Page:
Chapter no 30

Cinder (The Lunar Chronicles, #1)

CINDER SAT INSIDE HER BOOTH, CHIN CUPPED IN BOTH palms, watching the huge netscreen across the crowded street. She couldn’t hear the reporter’s commentary over the chaos, but she didn’t need to—he was reporting on the festival that she was stuck in the middle of. The reporter seemed to be having a lot more fun than she was, gesturing wildly at passing food vendors and jugglers, contortionists on miniature parade floats and the tail end of a passing lucky dragon kite. Cinder could tell from the hubbub that the reporter was in the square just a block away from her, where most of the events took place throughout the day. It was a lot more festive than the street of vendor booths, but at least she was in the shade.

The day would have been busy compared to market days—lots of potential customers had sought prices on broken portscreens and android parts

—but she had been forced to turn them all away. She would be taking no more customers in New Beijing. She would not have been there at all if Adri hadn’t forced her to come, dropping her off while she and Pearl went shopping for last-minute ball accessories. She suspected that Adri really just wanted to watch as everyone gawked at the limping, one-footed girl.

She couldn’t tell her stepmother that Linh Cinder, renowned mechanic, was closed for business.

Because she couldn’t tell Adri that she was leaving.

She sighed, blowing a misplaced lock of hair out of her face. The heat was miserable. The humidity clung to Cinder’s skin, pasting her shirt to her back. Along with the budding clouds on the horizon, it promised rain, and lots of it.

Not ideal driving conditions.

But that wouldn’t stop her. Twelve hours from now, she would be miles outside of the city, putting as much distance between herself and New Beijing as she could. She had gone down to the garage every night that week after Adri and Pearl were in bed, hopping along on homemade crutches so she could work on the car. Last night, for the first time, the engine had roared to


Well, more like sputtered to life and spewed out noxious fumes from the exhaust that made her cough like mad. She had used nearly half of the plague-research money Erland had wired her on a big tank of gasoline that, if she were lucky, would carry her at least into the next province. It would be a bumpy ride. It would be a stinky ride.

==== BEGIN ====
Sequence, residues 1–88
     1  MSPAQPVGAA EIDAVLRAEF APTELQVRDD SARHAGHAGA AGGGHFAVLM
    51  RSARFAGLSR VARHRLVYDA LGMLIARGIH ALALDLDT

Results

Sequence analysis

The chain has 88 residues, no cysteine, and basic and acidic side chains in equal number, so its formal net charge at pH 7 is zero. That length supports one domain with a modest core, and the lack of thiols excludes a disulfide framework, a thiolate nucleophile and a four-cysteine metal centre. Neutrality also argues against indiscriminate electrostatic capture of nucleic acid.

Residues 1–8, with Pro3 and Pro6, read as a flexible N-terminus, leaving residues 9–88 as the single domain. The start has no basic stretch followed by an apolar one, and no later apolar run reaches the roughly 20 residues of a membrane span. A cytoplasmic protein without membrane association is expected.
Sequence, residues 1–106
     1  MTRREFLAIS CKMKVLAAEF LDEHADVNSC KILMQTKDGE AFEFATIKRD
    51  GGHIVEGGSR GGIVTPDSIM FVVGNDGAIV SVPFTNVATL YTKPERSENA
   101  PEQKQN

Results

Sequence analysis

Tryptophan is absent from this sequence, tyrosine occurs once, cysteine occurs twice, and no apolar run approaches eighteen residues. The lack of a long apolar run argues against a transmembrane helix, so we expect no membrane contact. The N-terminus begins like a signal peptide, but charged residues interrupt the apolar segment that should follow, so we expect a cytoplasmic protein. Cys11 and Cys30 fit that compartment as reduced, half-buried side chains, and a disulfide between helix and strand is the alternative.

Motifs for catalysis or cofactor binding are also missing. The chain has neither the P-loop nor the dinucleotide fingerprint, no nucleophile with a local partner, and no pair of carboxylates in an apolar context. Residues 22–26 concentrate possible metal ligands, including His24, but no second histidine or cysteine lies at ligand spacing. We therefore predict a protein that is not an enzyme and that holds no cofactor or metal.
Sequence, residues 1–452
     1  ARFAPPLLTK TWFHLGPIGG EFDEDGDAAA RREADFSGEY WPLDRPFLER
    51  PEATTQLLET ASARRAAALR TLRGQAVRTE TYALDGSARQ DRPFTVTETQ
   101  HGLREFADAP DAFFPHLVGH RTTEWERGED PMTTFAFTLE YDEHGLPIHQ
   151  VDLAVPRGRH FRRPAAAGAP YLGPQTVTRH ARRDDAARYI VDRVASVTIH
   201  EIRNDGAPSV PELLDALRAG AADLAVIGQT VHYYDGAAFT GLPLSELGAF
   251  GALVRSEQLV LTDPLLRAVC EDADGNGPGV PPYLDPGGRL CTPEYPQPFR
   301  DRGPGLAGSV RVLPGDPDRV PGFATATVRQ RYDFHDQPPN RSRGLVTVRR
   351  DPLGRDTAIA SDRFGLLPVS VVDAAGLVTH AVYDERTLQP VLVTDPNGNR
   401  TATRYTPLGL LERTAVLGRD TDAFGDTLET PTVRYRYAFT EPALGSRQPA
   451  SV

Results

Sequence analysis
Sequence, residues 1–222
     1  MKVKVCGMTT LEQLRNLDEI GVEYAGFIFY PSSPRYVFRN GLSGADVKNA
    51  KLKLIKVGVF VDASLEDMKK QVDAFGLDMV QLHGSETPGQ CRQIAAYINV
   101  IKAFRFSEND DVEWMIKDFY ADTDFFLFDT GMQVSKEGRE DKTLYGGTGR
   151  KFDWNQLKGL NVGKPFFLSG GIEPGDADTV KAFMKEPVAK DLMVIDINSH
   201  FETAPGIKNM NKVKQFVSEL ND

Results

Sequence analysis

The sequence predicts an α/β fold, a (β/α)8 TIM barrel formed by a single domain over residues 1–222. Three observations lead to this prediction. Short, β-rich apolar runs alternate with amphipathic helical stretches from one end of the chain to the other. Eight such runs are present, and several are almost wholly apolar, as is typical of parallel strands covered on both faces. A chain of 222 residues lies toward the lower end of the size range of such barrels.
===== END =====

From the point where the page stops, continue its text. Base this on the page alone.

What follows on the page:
But she would be free.

No—they would be free. Her and Iko’s personality chip and Peony’s ID chip. They were going to escape together, like she’d always said they would.

Though she knew she could never bring Peony back, she hoped that someday she would at least find another body for Iko. Some other android shell, perhaps—maybe even an escort with their tauntingly ideal feminine shapes. She thought Iko would like that.

The netscreen changed, showing the other favorite news story of the week. Chang Sunto, miracle child. Plague survivor. He’d been interviewed countless times about his unbelievable recovery, and every time it sparked a little glow in Cinder’s silicon heart.

Footage of her mad dash from the quarantines had been played repeatedly on the screens too, but the recording never showed her face, and Adri had been too distracted—by the ball and the funeral that Cinder had not been invited to attend—to realize the mystery girl was living under her own roof. Or perhaps Adri just paid her such little attention that she wouldn’t have recognized her anyway.

Rumors abounded about the girl and Chang Sunto’s miraculous recovery, and while some had talked of an antidote, no one was coming clean. The boy was now under the surveillance of the palace research team, which meant that Dr. Erland had a new guinea pig to play with. She hoped it would be enough, given that her role as research volunteer was over. She hadn’t had the heart to tell the doctor that yet, though, and the guilt clawed at her upon seeing a new monetary deposit every morning. Dr. Erland had made good on his promises

—he’d set up an account ID-linked so that only Cinder could access it, not Adri, and had made almost daily payments from the research and development fund. So far he’d asked for nothing in return. His only comms had been to tell her he was still making use of her blood samples and to remind her not to return to the palace until the queen was gone.

Cinder frowned, scratching her cheek. Dr. Erland had never had the chance to explain to her why she was so special when he was also immune. Her curiosity lingered in the back of her thoughts, but not as strongly as her determination to run away. Some mysteries would have to remain unsolved.